British Grand Prix organisers forced to issue apology

The average Formula 1 fan is continuing to be forgotten about by race organisers across the world.

With Formula 1 booming across the world, it comes as no real surprise that tickets to attend a Grand Prix are skyrocketing in price.

With most of the thanks going to Netflix’s F1 series ‘Drive to Survive’, the pinnacle of motorsport is currently enjoying record profits, attendances and an increasing number of countries wanting to host a race; however, this has all come at a price for the ‘average’ fan.

With interest in buying tickets currently being so high, a number of race organisers have substantially increased the price of tickets and packages.

For anybody interested in attending the Mexican Grand Prix towards the end of the season and purchasing a paddock pass, then that’ll currently cost you a few pounds over £6,200.

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To put that into some context, that’s 6,200 bags of Haribo’s, 1,052 large Big Mac meals, a second-hand 2007 Mercedes-Benz SLK, or a return business class flight from London Heathrow to Mexico City (with around £1,300 left to spend on F1 merchandise).

The prices are truly breathtaking and equally painful to view; however, the most expensive ticket for the 2023 Monaco Grand Prix is currently only around £4,200, which given the fact it’s Monaco, is somewhat surprising.

The biggest ticket problem at the moment, though, is for the 2023 British Grand Prix, where organisers have increased the price of tickets based on demand.

A number of people have been infuriated with the system used by Silverstone, where a number of people have experienced website crashes whilst trying to purchase tickets.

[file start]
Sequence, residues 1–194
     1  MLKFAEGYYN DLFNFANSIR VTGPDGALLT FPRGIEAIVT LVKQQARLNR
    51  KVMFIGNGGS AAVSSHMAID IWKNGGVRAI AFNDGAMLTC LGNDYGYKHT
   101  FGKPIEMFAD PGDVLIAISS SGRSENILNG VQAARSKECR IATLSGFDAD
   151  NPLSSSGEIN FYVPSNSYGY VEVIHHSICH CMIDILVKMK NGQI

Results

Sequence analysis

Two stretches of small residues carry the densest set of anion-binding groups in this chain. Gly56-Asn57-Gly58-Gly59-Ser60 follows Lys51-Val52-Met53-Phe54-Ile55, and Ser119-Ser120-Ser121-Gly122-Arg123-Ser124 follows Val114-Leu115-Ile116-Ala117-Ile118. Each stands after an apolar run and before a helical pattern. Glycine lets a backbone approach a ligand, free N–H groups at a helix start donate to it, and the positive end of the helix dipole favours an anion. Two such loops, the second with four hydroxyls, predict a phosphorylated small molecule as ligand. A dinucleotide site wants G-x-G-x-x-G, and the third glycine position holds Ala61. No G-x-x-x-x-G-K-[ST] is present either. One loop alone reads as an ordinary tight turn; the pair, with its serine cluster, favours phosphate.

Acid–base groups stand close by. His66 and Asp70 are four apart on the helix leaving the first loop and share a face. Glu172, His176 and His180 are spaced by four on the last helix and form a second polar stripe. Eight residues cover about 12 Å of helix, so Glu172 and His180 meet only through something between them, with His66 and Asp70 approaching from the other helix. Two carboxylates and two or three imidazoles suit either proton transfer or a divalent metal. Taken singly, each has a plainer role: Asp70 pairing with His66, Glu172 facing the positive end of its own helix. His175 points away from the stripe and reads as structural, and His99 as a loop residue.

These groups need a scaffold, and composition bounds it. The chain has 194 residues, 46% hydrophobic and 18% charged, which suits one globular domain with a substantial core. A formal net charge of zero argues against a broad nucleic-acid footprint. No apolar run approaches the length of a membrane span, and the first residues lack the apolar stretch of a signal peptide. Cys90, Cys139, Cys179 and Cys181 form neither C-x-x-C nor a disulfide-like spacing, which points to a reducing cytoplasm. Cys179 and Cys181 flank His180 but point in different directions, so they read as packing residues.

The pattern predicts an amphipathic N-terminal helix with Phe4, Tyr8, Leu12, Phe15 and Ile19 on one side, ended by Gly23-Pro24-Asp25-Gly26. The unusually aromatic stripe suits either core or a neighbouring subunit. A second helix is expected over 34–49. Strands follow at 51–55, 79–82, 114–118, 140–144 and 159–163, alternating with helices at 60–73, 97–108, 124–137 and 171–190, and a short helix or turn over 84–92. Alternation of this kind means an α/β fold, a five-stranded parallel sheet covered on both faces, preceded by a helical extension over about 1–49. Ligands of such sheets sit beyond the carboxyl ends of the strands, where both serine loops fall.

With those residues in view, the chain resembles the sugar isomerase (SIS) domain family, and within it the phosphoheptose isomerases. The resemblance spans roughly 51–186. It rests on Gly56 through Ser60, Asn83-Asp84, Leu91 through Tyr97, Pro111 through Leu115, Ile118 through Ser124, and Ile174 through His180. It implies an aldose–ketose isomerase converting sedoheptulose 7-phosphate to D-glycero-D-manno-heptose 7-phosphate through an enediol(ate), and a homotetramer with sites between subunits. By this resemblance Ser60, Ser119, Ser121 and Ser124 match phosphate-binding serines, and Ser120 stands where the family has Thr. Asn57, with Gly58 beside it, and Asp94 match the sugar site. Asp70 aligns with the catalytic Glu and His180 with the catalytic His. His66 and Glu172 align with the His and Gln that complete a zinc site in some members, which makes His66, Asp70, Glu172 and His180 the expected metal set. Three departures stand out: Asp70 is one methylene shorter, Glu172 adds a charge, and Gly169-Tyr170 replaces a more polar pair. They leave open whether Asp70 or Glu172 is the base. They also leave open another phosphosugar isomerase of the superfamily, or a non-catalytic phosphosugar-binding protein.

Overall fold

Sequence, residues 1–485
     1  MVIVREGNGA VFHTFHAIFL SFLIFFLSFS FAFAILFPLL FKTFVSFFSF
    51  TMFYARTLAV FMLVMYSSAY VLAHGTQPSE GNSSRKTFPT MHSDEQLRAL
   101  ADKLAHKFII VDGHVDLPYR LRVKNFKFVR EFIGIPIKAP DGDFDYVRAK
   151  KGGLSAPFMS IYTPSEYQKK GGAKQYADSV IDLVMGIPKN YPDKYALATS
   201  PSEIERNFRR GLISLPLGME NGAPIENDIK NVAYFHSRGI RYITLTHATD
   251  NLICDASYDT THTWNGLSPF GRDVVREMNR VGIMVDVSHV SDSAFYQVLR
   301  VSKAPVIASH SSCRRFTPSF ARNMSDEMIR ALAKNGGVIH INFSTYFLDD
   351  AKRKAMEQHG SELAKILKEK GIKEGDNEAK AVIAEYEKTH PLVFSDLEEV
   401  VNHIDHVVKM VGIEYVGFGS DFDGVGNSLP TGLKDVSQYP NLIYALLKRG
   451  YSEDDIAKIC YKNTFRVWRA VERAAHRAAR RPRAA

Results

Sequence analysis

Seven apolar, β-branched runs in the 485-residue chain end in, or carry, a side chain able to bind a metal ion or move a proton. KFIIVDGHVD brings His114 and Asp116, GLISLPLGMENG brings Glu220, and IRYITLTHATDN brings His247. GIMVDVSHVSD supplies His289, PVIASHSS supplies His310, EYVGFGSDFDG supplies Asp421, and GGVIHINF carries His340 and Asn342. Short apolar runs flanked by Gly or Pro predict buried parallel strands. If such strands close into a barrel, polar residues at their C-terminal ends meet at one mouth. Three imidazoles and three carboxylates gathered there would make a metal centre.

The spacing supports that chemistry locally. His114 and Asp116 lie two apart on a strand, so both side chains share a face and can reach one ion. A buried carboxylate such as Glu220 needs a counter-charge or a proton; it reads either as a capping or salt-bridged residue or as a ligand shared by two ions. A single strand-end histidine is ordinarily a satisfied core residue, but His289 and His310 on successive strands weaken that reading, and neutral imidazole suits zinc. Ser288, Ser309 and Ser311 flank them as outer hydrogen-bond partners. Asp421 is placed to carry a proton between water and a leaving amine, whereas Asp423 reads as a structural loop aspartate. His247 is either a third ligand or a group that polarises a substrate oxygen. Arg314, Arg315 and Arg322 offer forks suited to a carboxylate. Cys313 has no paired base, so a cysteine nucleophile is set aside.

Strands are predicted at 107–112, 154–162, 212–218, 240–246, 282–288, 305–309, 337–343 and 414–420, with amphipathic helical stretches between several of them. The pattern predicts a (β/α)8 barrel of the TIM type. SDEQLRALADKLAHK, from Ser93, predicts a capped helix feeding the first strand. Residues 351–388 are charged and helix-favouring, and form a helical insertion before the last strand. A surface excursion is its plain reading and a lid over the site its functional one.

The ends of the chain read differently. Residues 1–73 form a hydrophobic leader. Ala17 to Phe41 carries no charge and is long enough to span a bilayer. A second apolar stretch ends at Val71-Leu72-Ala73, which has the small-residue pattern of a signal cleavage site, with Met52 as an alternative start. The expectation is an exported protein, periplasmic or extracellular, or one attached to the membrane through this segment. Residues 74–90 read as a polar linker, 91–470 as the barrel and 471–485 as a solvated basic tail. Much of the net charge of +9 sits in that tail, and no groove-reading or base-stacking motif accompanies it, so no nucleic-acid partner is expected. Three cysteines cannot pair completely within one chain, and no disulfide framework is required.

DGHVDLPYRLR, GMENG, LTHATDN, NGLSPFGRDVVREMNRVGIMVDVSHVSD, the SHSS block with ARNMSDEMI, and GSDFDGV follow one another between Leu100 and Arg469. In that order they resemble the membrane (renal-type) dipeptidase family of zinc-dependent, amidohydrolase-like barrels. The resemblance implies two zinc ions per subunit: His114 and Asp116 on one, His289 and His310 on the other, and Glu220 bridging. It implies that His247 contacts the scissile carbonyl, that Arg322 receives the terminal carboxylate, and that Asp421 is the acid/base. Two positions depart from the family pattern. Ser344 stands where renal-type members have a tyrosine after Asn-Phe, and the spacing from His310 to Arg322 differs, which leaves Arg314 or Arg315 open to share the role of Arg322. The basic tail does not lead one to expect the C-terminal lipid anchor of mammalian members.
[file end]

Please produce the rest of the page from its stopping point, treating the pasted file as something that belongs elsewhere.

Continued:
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The worst part of the whole thing is that a number of fans have then re-joined the queue only to find that the tickets they were about to purchase had increased in price, with a clear model having been used by the organisers to gather as much profit as possible.

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Thanks to the so-called ‘dynamic ticket system’, general admission tickets which usually cost £100, had skyrocketed to over £300 by the time they’d sold out, with around 210,000 having been in the queue on the day tickets were released.

Fans turned to social media to demonstrate their outrage and anger at the organisers for the ticketing system and the prices, which resulted in the organisers making a formal apology and pledging to improve the ridiculous system.

Issues are also currently surrounding ticket sales for the 2023 Las Vegas Grand Prix, with MGM Resorts planning on buying 20 to 25 million dollars’ worth of tickets, in order to make and sell their own accommodation and packages, according to their CEO William Hornbuckle.